Outbreak of the war
End of the war

War at Sea

While Germany made use of the Austro-Hungarian naval bases on the Adria for the deployment of submarines, this part of the Mediterranean remained merely a sideshow for most countries.

In 1914 the bulk of the French fleet was located north of Navarino; their deployment, however, remained limited due to the danger of enemy submarines. Besides the latter, it was therefore mainly light and fast ships that were deployed.

Italy, which was linked to the French and British marine forces on the basis of a Marine Convention of May 10, 1915, and which was given command of operations in the Adria, had to reconsider its strategy for this reason. While thought was initially given to a decisive battle, soon the focus was on coastal batteries, railway guns, airplanes and motor torpedo boats for the protection of sovereign territory. In contrast, the Austro-Hungarian units lay on the opposite shores of Dalmatia, protected by many islands and a rugged coastline. Yet smaller ships of the Italian navy recorded some successes.

Blockade measures became especially important. In order to prevent Austrian and German operations, the Entente blocked the Straits of Otranto between Italy and Albania by means of nets, mines and the deployment of British and Italian destroyers.

Besides surprise actions launched on Italian coasts and the attempt to obstruct the evacuation of the Serbian army out of Durazzo by assaults, the main concern of the Austro-Hungarian fleet were the Straits of Otranto. Here they could then register a naval victory in May 1917 too, which loosened the blockade at least until July.

The original conditions were soon reestablished. The success of the Habsburg navy sank into oblivion, its recent attack on the Straits of Otranto failed from the outset. Allied forces were warned and on June 10, 1918 torpedoed the Austro-Hungarian battleship ‘SMS Szent István’.

These events marked the turning point in the war – both at sea and on land. The Central Powers could barely notch up any more successes. Their submarine warfare rather resulted in the USA entering the war on the side of the western powers.

Moreover, the events that took place in the naval fleet symbolised the general dissatisfaction. At the start of February 1918 the Austro-Hungarian sailors revolted in Cattaro, while late in the autumn of the same year their German colleagues made it clear that they were no longer willing to engage in any further military action. The mutiny in Kiel heralded the collapse of the system and the end of the Hohenzollern Monarchy.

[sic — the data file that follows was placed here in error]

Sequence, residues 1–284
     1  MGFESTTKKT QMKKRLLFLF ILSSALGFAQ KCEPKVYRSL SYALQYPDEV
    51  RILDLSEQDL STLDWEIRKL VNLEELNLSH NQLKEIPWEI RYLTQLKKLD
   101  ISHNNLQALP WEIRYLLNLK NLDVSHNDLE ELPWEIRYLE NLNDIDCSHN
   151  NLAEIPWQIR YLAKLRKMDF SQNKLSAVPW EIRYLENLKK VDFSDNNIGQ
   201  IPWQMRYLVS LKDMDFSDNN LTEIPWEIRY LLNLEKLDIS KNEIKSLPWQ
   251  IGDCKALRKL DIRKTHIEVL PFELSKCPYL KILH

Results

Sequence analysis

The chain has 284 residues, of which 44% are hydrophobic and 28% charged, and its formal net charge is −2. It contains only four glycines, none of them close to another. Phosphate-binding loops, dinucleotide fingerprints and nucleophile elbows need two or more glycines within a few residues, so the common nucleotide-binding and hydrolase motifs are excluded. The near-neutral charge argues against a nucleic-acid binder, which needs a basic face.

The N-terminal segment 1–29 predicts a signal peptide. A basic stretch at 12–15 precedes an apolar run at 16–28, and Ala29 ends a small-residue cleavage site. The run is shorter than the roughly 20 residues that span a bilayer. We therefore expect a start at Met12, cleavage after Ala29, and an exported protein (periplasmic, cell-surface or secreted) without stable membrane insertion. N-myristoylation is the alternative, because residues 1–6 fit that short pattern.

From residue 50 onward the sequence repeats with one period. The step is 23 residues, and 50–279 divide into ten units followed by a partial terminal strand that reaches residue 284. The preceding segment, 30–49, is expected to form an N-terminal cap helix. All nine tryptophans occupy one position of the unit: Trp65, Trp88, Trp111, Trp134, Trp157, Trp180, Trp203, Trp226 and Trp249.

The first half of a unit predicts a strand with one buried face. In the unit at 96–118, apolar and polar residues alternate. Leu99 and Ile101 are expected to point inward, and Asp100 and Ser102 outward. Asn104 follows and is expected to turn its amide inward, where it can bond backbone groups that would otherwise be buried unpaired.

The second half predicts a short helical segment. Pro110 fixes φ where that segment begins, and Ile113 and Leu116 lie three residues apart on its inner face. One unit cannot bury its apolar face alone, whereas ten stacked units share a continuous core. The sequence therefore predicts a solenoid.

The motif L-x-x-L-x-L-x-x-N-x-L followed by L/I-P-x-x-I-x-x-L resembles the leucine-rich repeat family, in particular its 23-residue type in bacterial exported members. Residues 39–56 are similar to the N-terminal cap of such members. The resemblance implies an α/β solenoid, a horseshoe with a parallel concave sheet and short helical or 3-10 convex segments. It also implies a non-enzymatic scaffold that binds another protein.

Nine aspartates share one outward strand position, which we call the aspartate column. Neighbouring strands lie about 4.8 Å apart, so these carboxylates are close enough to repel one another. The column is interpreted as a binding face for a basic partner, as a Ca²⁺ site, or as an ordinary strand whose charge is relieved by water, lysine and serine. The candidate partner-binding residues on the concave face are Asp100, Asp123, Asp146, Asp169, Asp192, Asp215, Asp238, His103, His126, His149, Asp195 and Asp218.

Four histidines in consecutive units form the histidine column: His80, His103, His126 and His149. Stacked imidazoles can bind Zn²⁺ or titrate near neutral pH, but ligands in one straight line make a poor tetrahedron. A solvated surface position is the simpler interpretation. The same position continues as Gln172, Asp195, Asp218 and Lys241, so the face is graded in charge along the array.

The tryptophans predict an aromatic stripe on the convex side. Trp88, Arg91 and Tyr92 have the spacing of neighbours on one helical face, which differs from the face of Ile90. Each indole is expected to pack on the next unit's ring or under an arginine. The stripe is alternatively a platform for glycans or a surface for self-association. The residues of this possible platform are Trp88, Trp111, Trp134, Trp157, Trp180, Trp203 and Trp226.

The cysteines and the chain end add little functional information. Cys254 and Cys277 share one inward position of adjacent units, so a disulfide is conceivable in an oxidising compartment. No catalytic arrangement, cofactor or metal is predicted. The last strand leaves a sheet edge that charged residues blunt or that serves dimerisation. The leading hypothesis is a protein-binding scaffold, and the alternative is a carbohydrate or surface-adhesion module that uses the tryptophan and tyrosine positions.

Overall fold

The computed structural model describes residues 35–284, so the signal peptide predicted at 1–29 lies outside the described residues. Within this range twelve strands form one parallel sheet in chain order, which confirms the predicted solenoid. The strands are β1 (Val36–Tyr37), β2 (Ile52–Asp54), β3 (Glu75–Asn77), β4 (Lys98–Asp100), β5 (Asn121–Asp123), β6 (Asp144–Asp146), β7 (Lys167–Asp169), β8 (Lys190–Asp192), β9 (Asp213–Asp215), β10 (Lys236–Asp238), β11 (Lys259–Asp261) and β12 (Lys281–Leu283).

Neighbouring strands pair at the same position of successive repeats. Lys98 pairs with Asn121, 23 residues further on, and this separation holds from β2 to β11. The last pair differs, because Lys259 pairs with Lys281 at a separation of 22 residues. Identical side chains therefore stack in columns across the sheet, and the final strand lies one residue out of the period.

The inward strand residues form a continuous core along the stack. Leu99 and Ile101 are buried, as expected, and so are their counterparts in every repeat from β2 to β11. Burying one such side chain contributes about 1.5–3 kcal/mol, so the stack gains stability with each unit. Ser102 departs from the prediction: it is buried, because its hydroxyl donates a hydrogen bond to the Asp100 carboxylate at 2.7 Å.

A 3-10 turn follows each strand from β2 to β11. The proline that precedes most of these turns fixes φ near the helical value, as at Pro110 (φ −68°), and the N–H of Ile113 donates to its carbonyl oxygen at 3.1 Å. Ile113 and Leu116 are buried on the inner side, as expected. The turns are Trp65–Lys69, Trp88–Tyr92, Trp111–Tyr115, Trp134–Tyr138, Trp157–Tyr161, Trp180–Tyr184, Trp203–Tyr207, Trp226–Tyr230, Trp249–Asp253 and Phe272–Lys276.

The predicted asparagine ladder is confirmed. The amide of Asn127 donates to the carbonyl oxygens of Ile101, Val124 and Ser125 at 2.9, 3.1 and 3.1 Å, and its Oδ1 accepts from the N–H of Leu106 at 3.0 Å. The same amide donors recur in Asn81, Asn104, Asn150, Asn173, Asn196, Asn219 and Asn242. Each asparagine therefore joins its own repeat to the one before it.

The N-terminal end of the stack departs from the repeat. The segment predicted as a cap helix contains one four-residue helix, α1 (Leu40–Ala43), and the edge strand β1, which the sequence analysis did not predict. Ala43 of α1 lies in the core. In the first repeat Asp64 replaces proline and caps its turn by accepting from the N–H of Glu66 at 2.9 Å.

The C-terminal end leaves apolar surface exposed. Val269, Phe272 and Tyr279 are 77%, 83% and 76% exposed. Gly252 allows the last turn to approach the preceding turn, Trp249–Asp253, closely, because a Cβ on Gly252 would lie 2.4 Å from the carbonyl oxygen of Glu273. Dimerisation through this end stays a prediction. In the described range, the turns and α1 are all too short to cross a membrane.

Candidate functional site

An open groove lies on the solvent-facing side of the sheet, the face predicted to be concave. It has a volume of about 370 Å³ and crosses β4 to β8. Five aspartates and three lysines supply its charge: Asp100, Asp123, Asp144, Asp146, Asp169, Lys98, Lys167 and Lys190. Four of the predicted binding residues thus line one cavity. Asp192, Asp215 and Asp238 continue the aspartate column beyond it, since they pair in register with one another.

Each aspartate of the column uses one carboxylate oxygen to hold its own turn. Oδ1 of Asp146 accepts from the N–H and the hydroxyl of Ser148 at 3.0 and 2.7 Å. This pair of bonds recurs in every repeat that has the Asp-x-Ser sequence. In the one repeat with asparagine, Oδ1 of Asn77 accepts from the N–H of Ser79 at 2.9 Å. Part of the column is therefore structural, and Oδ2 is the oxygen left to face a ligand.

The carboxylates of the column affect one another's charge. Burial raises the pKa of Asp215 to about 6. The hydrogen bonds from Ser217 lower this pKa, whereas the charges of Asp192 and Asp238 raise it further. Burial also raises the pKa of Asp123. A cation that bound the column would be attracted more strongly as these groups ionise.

Gröbig, Klaus: Unterseeboot S.M.U. 12. Die k. u. k. U-Bootflotte Österreich-Ungarns, Kiel 2009

Moritz, Verena/Leidinger, Hannes: Die Nacht des Kirpitschnikow. Eine andere Geschichte des Ersten Weltkriegs, Wien 2006

Noppen, Ryan: Austro-Hungarian battleships 1914–1918, Oxford 2012

Rauchensteiner, Manfried: Der Erste Weltkrieg und das Ende der Habsburgermonarchie 1914–1918, Wien/Köln/Weimar 2013

Contents related to this chapter


Persons, Objects & Events

  • Object

    Mechanical warfare

    In the years and decades before the First World War there were many innovations in arms technology with the result that the entire war machinery and with it the strategic and tactical considerations had to be fundamentally rethought. The artillery, with its powerful arsenal of guns, mortars and howitzers, epitomised the dominance of “fire power”. It was the prototype of industrialised mechanical and mass warfare and responsible for a larger number of casualties than any other type of weapon.

  • Object


    Desertion was a phenomenon that all of the armies – including the multinational Habsburg army – had to deal with throughout the four years of the war. This official proclamation from 1915 in three languages (Hungarian, German and Serbian) relates cases of desertion by prisoners of war and their ‘deliberate’ support by the local civilian population. It is described as a ‘crime against military supply’, which is subject to ‘merciless’ punishment.